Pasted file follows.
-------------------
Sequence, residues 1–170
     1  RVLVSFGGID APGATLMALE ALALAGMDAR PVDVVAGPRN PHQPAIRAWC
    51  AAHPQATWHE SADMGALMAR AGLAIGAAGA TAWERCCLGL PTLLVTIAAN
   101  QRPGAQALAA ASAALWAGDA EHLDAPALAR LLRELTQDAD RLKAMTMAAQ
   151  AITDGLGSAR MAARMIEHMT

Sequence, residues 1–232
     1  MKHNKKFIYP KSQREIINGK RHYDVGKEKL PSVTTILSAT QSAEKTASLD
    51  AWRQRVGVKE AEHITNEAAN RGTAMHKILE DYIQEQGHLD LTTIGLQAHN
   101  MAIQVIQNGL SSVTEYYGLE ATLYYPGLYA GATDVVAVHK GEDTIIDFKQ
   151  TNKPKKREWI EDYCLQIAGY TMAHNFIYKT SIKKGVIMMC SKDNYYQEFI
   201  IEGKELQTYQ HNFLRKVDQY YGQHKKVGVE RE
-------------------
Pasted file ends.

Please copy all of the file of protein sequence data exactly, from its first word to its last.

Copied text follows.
Sequence, residues 1–170
     1  RVLVSFGGID APGATLMALE ALALAGMDAR PVDVVAGPRN PHQPAIRAWC
    51  AAHPQATWHE SADMGALMAR AGLAIGAAGA TAWERCCLGL PTLLVTIAAN
   101  QRPGAQALAA ASAALWAGDA EHLDAPALAR LLRELTQDAD RLKAMTMAAQ
   151  AITDGLGSAR MAARMIEHMT

Sequence, residues 1–232
     1  MKHNKKFIYP KSQREIINGK RHYDVGKEKL PSVTTILSAT QSAEKTASLD
    51  AWRQRVGVKE AEHITNEAAN RGTAMHKILE DYIQEQGHLD LTTIGLQAHN
   101  MAIQVIQNGL SSVTEYYGLE ATLYYPGLYA GATDVVAVHK GEDTIIDFKQ
   151  TNKPKKREWI EDYCLQIAGY TMAHNFIYKT SIKKGVIMMC SKDNYYQEFI
   201  IEGKELQTYQ HNFLRKVDQY YGQHKKVGVE RE